All Art, All the Time
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It's been a whole week since the dawning of a new era, with President Obama urging fellow citizens to work harder rather than sending us to shop our way out of trouble. I can honestly say that I've never worked harder than this last week; it was all art, all the time, and then some. Judge for yourself.
Immediately after the inauguration ceremony, sorting through notes and collecting my thoughts, I sat down and wrote the weekly Art Talk, titled, "Obama as Art Czar?" I hope you know that I do write the text of this program, and not just speak extemporaneously into the microphone. It takes four or five hours before Art Talk is ready for prime time.
Then, I started to strategize for the rest of the week, which besides the usual daily responsibilities, had art related assignments each evening as well. Wednesday night was the opening of the annual Los Angeles Art Show in its new location, the Convention Center downtown, where about 170 dealers from around the world displayed their wares. Fair organizers did their best to make the cavernous exhibition space welcoming, but couldn't overcome its impersonal nature. Most of the dealers were very cautious, if not outright conservative, in selecting art for their booths. As a result, it felt as if we were not in 2009, but back in the early 90's in some provincial safe haven.
Another fair, Art LA, which opened Thursday night at the Barker Hangar in the Santa Monica Airport, was smaller, more focused, and definitely more cutting-edge. There were only 60 dealers, but there were more surprises and discoveries to be made in their booths. While I went to the downtown fair only once, I visited Barker Hangar three days in a row – once for the opening, and then twice more, taking groups of collectors on a tour through the fair.
Friday morning started with a press conference at LACMA for the opening of the huge, ambitious exhibition, "Art of Two Germanys," telling the complicated story of art development during the Cold War in the two countries separated by the Berlin Wall. There are about 300 artworks by 120 artists on display, and to my pleasant surprise, the dramatic energy of this exhibition has completely transformed the cool, austere galleries of Renzo Piano's Broad Pavilion.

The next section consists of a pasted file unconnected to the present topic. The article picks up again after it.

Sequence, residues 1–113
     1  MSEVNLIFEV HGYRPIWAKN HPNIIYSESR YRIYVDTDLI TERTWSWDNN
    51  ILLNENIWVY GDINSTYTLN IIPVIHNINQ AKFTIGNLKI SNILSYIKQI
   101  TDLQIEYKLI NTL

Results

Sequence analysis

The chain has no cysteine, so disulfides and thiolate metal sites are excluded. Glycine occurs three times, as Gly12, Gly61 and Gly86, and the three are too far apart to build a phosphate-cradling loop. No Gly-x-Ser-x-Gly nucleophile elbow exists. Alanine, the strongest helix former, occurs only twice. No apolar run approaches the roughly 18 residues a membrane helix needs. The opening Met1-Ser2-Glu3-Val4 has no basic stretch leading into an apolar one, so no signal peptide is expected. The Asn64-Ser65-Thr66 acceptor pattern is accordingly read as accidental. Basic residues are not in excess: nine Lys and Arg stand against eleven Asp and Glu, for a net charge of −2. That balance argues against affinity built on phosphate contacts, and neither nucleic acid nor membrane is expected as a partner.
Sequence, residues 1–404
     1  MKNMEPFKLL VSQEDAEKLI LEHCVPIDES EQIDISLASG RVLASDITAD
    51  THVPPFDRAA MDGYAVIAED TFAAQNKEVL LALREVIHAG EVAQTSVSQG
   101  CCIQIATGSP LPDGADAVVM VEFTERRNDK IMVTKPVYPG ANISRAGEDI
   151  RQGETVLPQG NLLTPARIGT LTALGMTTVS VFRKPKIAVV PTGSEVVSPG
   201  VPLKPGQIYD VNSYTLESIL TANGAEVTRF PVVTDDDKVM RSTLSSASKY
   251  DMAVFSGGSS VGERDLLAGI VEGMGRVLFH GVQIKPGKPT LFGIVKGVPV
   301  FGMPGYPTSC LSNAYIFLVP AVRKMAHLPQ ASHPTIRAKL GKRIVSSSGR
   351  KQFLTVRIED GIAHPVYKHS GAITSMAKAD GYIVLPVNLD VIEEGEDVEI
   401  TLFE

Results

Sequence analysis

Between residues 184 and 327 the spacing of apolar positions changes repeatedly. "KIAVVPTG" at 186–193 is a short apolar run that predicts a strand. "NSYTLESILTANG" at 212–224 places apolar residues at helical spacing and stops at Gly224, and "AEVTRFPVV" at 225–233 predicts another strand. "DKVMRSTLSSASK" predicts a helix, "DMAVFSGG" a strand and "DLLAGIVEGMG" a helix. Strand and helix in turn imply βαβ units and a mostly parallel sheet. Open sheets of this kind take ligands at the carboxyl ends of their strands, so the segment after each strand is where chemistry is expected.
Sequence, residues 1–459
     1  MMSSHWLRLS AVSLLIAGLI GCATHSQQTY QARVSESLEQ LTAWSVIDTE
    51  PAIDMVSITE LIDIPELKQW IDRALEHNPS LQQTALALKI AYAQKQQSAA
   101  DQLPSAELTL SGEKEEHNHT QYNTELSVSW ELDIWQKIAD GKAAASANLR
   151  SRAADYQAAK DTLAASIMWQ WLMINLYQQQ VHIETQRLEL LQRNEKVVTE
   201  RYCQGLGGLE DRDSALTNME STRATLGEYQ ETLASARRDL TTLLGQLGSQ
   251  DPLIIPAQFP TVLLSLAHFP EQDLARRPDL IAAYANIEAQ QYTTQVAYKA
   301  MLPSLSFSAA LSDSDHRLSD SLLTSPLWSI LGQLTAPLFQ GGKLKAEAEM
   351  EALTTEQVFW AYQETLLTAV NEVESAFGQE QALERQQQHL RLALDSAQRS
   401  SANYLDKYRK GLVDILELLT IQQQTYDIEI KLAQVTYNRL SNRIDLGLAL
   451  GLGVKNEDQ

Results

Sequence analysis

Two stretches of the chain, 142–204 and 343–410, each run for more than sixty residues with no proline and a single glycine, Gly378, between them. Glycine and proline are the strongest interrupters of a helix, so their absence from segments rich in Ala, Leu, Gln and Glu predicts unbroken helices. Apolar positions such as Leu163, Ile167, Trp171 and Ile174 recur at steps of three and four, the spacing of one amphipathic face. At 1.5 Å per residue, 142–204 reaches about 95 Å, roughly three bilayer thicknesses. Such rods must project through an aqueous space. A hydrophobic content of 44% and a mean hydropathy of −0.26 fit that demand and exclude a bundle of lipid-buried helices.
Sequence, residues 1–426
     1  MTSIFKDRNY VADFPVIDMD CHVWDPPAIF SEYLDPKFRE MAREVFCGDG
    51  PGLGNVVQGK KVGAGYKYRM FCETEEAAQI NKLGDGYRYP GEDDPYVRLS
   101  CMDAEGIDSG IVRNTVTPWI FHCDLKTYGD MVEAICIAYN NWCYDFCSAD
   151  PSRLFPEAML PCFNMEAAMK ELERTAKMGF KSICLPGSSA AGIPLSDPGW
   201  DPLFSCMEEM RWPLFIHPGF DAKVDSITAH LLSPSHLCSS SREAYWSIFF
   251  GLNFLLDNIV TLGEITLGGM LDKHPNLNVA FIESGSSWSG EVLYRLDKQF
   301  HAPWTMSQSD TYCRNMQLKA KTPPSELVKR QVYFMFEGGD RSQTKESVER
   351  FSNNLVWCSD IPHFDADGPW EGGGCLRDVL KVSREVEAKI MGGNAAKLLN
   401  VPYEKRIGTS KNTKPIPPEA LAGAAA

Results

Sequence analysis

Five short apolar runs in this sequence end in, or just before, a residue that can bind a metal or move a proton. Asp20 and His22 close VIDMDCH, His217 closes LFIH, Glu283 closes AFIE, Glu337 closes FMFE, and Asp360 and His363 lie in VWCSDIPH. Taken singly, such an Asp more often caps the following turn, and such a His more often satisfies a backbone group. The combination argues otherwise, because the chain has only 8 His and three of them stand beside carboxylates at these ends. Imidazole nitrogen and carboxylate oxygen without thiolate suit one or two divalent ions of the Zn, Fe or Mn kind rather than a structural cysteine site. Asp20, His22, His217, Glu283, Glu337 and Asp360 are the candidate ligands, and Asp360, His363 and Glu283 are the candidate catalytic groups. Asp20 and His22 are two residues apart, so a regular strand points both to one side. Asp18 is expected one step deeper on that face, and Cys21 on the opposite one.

In the evening, I went to the Santa Monica Museum of Art for the opening of the new exhibition by Ethiopian artist Elias Simé, whose intricate embroidered paintings and wood sculptures transcend their humble materials. You will be surprised by the transformation of the museum space, which probably has a lot to do with well-known theater director Peter Sellars' involvement with this exhibition.
Saturday turned out to be another day of heavy art lifting. It started with the five hour seminar I organized for a group of art collectors. In the evening, I went back to LACMA for the official opening of the German exhibition, and though I was exhausted, the art and very interesting crowd kept me going. Monday night I went to LACMA once more for a special walk-through of the German exhibition with curator Stephanie Barron; after that I rushed across the museum campus to another event, a lecture by the director of London's extraordinary, but little-known John Soane Museum, a private treasure trove of architectural history.
I wish I could have found time last Friday to zoom to the Palm Springs Art Museum for the opening of the exhibition of portraits by Robert Mapplethorpe. But I'm definitely planning to go this Wednesday to the USC Fisher Museum of Art for a performance by Mexican artist/provocateur Guillermo Gómez-Peña, winner of the MacArthur Genius award. If President Obama had the chance to check out my busy schedule this past week, I wonder, would it meet with his approval?
Art of Two Germanys/Cold War Cultures
On view at LACMA's Broad Contemporary Art Museum through April 19, 2009
Elias Simé: Eye of the Needle, Eye of the Heart
On view at the Santa Monica Museum of Art through April 18
Robert Mapplethorpe: Portraits
On view at the Palm Springs Art Museum through April 19
Banner image: A.R. Penck, Der Übergang (Passage), 1963 (detail); Oil on canvas, 37 x 47 1/4 in (94 x 120 cm; Sammlung Ludwig, Ludwig Forum für Internationale Kunst, Aachen, © A.R. Penck